Purpose: Monoclonal antibody PAM4 is reactive with the MUC1 mucin as expressed by >85% of human pancreatic cancers. Significant antitumor effects have been demonstrated using radiolabeled PAM4 for radioimmunotherapy (RAIT) of experimental pancreatic cancer. The goal of the present study was to determine whether the addition of low-dose 90Y-PAM4 RAIT to a clinically relevant regimen of gemcitabine chemotherapy would provide enhanced antitumor efficacy over that observed by chemotherapy alone without the addition of significant toxicity to normal tissues.

Experimental Design: Mice bearing human pancreatic tumor xenografts (CaPan1) were administered three cycles of gemcitabine chemotherapy (1000 mg/m2/week for 3 weeks with 1 week off) concomitant with 90Y-labeled PAM4 RAIT (25 μCi; 10% of the single agent MTD) given at weeks 0, 4, and 7. Control groups of mice received chemotherapy alone, 90Y-PAM4 RAIT alone, or an equidose of 90Y-labeled nontargeting control antibody with and without gemcitabine.

Results: Mice that received 90Y-PAM4 RAIT with gemcitabine had tumors that were significantly smaller in size than all of the other treatment groups (P < 0.005). A median survival of 24 weeks was achieved in mice that received the combined treatment versus 10 weeks for mice that received only gemcitabine (P < 0.001) and 16 weeks for mice that received only 90Y-PAM4 RAIT (P < 0.040). The combined treatment regimen was well tolerated.

Conclusions: A combined chemoimmunotherapy and RAIT approach using gemcitabine and low-dose 90Y-PAM4 provided significantly increased antitumor efficacy than was observed for each treatment arm given alone. Importantly, the enhanced antitumor efficacy was achieved with minimal toxicity to normal tissues. These studies provide justification for clinical trials using the combined modality treatment for patients with pancreatic cancer.

In recent years, clinical trials have turned toward the combination of radiation and chemotherapy for the management of pancreatic cancer (1, 2, 3, 4, 5, 6, 7, 8, 9, 10, 11). The two modalities may have independent activity against tumor cell subpopulations, with cells that are intrinsically resistant to one modality being sensitive to the other. Chemotherapy may delay the regrowth of tumor cells that are sensitive to radiation, thus increasing tumoricidal effects. By causing cell cycle synchronization and cell cycle arrest, chemotherapy can increase the fraction of tumor cells in a radiosensitive phase of the cell cycle (12, 13, 14). On the other hand, radiotherapy is also capable of inducing cell cycle synchronization, which might then increase the effectiveness of chemotherapy (15).

Gemcitabine, cisplatin, and 5-fluorouracil are approved front-line chemotherapeutics for the treatment of pancreatic cancer. In addition to their toxic effects upon the tumor, they each have the ability to radiosensitize tissues. This makes them ideal chemotherapeutics to combine with radiation therapy, and as noted above, several clinical trials are being performed with a combined radiosensitizer/radiation therapy regimen. However, radiosensitizing drugs affect normal tissues as well as the tumor. Thus, dose-limiting toxicities, most frequently hematological and/or gastrointestinal, present formidable challenges (7, 9, 16). In addition, application of conventional radiotherapy procedures (external, internal beam technologies, seed implants, and so forth) do not allow for the treatment of distant, perhaps unknown, metastatic sites. Indeed, although the treatment may bring the primary tumor site under control, virtually all patients succumb to distant metastases. In contrast, the use of a tumor-targeting antibody to deliver a high concentration of radioisotope to the tumor, be it primary or distant metastatic disease, with minimal radiation dose to normal tissues, may provide the means to increase tumoricidal activity at all tumor sites while maintaining acceptable levels of normal tissue toxicity.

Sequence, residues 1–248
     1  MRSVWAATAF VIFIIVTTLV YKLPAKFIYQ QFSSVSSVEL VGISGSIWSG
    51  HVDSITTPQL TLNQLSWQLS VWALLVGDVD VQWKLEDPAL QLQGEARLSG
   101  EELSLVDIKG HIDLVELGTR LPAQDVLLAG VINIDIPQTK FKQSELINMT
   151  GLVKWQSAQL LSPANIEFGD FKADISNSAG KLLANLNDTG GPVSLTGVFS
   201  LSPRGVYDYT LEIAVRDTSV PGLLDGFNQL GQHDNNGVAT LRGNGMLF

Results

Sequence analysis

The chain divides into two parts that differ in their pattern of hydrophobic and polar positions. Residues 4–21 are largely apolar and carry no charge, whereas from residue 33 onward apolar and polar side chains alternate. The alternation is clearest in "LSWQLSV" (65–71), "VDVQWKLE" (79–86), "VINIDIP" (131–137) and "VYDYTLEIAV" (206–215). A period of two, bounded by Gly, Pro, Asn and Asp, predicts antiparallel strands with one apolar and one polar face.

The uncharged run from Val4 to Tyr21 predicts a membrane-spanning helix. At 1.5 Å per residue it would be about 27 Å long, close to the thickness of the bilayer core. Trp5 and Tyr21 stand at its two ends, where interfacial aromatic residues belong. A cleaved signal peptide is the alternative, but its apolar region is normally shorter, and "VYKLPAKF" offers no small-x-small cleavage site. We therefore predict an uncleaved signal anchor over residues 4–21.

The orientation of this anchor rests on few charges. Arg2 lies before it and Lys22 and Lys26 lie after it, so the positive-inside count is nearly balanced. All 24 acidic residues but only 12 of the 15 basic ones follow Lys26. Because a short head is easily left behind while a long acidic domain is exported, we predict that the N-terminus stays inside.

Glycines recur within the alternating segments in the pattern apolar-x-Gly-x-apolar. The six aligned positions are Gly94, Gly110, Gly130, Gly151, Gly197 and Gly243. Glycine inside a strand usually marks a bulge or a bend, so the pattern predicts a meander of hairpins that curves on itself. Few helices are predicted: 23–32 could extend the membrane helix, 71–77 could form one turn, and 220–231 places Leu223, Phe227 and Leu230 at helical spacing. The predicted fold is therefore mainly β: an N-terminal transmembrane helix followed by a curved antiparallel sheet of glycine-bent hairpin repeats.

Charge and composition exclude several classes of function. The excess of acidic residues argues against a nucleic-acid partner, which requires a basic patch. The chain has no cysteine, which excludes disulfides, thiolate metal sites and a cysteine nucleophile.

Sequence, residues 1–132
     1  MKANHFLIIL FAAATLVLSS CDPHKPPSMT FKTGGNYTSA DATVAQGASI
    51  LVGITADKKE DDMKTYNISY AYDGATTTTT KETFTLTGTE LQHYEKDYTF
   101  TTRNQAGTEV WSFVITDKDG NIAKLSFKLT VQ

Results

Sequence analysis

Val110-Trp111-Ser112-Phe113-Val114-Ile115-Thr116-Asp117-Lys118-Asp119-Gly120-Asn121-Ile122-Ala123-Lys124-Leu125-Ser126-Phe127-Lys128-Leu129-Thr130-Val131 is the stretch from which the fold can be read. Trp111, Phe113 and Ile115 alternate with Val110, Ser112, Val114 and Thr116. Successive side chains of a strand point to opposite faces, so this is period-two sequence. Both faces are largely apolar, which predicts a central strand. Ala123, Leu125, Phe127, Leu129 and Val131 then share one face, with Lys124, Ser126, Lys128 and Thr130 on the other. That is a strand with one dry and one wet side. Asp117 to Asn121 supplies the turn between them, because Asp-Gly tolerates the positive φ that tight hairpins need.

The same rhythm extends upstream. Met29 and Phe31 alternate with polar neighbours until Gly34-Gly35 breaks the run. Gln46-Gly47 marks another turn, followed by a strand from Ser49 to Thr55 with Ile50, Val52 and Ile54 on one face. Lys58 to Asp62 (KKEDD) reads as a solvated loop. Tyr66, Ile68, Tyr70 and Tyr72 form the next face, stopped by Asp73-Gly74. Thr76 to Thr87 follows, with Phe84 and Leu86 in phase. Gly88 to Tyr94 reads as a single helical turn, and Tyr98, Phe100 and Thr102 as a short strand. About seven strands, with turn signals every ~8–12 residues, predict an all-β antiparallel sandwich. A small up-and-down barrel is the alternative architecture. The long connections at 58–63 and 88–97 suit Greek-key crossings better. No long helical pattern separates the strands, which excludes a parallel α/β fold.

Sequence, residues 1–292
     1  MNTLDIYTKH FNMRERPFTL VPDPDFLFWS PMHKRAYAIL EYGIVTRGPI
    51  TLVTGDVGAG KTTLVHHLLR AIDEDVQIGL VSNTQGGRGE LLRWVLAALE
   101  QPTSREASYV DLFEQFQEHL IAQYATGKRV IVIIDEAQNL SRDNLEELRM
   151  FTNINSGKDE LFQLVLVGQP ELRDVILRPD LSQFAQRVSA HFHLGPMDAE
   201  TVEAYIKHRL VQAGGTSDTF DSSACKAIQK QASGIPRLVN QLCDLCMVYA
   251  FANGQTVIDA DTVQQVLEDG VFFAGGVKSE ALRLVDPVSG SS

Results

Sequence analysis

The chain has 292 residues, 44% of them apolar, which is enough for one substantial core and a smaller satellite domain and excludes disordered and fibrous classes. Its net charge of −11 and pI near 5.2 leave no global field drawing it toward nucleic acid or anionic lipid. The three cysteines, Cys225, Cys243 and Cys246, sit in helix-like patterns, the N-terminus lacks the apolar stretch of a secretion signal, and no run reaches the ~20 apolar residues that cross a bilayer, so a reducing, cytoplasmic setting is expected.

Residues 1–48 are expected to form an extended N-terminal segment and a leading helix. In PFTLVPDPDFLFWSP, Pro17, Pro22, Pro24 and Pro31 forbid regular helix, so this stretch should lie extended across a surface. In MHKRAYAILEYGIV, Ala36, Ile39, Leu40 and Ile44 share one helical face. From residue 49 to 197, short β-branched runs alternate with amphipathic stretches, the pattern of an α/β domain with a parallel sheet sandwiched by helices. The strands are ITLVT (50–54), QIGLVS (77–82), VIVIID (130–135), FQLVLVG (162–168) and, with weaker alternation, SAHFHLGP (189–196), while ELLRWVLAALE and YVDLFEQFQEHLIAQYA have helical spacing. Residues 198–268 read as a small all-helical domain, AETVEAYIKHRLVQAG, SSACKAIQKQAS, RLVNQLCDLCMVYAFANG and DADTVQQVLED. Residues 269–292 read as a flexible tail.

mAb3 PAM4 is reactive with the MUC1 antigen as it is expressed by an overwhelming majority of pancreatic cancers (17). Over the past few years, we have provided evidence as to its potential for clinical detection and therapy of pancreatic cancer. High concentrations of radiolabeled PAM4 were shown to target to xenografted human tumor models (18, 19) and, more importantly, to the majority of pancreatic tumors within initial groups of patients (20, 21). Of special note, PAM4 showed no evidence of targeting in one patient who was later discovered to have had chronic pancreatitis rather than neoplastic disease. Administration of radiolabeled PAM4 to tumor-bearing animals provided cure for small tumors (≤0.25 cm3) and significantly extended survival (>5-fold) for animals bearing large tumors (≥1.0 cm3, ∼5% of body weight; Refs. 22, 23). Radiolabeled PAM4 antibody can target and provide irradiation of both primary and metastatic lesions while keeping nontumor toxicities within acceptable levels. Thus, this form of targeted radiation therapy, in combination with chemo/radiosensitization, may provide an increased window of opportunity for the effective treatment of pancreatic cancer that cannot be obtained by conventional radiation treatment procedures. Toward this end, the current work describes the application of multiple cycles of low-dose 90Y-PAM4 RAIT in combination with gemcitabine for the treatment of pancreatic cancer.

Experimental Animal Model.